Mrs. Hubbard

Hickory, dickory, dock,
The mouse ran up the clock.
The clock struck one,
The mouse ran down,
Hickory, dickory, dock


That's the first reference to Mrs. Nicolettis throwing a temper tantrum, whereupon Mrs. Hubbard, sister to Ms. Lemon,  smoothed Mrs. N's ruffled feathers and finished by saying, "I shouldn't think about it if I were you".

Easy for you to say, Mrs. H.

Hrumph. 

This has no reference to the Mrs. Hubbard I speak of, but I thought it would be nice to reference a dancing, drinking, smoking and laughing dog with a monument promised to him upon his death.

Speaking of which, I have my 10 year service pin now. Ouch. A prick on the finger. No catalogue to choose from though.

Old Mother Hubbard
Went to the cupboard,
To give the poor dog a bone;
When she came there,
The cupboard was bare,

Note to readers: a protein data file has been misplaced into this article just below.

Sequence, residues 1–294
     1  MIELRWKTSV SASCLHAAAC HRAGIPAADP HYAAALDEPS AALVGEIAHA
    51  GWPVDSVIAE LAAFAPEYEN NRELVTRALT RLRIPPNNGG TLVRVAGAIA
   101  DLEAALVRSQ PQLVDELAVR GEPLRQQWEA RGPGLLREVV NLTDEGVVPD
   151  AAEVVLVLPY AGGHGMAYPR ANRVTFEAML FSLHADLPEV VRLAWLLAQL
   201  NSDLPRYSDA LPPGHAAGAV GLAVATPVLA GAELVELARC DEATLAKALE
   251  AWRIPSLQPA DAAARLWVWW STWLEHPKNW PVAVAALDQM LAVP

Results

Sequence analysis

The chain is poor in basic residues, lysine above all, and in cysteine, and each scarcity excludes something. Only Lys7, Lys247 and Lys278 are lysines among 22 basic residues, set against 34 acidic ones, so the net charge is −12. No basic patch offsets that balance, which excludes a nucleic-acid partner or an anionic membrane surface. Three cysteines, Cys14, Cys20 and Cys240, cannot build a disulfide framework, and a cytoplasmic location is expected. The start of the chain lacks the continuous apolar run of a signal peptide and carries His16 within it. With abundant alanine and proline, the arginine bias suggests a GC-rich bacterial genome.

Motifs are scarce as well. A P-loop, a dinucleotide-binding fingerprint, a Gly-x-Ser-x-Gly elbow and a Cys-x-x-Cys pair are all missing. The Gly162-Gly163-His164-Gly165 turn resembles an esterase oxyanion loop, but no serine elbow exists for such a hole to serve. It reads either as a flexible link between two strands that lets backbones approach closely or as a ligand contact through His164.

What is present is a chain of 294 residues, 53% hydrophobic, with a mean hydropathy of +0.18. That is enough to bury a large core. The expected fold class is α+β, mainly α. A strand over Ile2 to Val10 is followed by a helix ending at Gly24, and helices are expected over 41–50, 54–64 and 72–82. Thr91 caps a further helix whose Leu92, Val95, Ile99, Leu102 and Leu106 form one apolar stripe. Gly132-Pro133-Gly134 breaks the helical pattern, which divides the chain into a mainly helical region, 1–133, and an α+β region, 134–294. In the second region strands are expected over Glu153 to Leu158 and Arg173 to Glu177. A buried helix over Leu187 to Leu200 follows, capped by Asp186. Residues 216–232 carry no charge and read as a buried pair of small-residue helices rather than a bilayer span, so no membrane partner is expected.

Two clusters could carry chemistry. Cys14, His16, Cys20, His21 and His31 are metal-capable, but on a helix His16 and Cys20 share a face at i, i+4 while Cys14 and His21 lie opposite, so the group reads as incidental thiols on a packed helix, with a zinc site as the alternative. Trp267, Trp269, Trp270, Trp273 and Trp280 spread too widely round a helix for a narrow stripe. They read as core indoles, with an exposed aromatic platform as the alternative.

And so the poor dog had none.

She went to the baker's
To buy him some bread;
When she came back
The dog was dead!

She went to the undertaker's
To buy him a coffin;
When she came back
The dog was laughing.

She took a clean dish
to get him some tripe;
When she came back
He was smoking his pipe.

She went to the alehouse
To get him some beer;
When she came back
The dog sat in a chair.

She went to the tavern
For white wine and red;
When she came back
The dog stood on his head.

She went to the fruiterer's
To buy him some fruit;
When she came back
He was playing the flute.

She went to the tailor's
To buy him a coat;
When she came back
He was riding a goat.

She went to the hatter's
To buy him a hat;
When she came back
He was feeding her cat.

She went to the barber's
To buy him a wig
When she came back
He was dancing a jig.
 
She went to the cobbler's
To buy him some shoes;
When she came back
He was reading the news.

She went to the sempstress
To buy him some linen;
When she came back
The dog was spinning.
 
She went to the hosier's
To buy him some hose;
When she came back
He was dressed in his clothes.
 
The Dame made a curtsy,
The dog made a bow;
The Dame said, Your servant;
The dog said, Bow-wow.

This wonderful dog
Was Dame Hubbard's delight,
He could read, he could dance,
He could sing, he could write;
She gave him rich dainties
Whenever he fed,
And erected this monument
When he was dead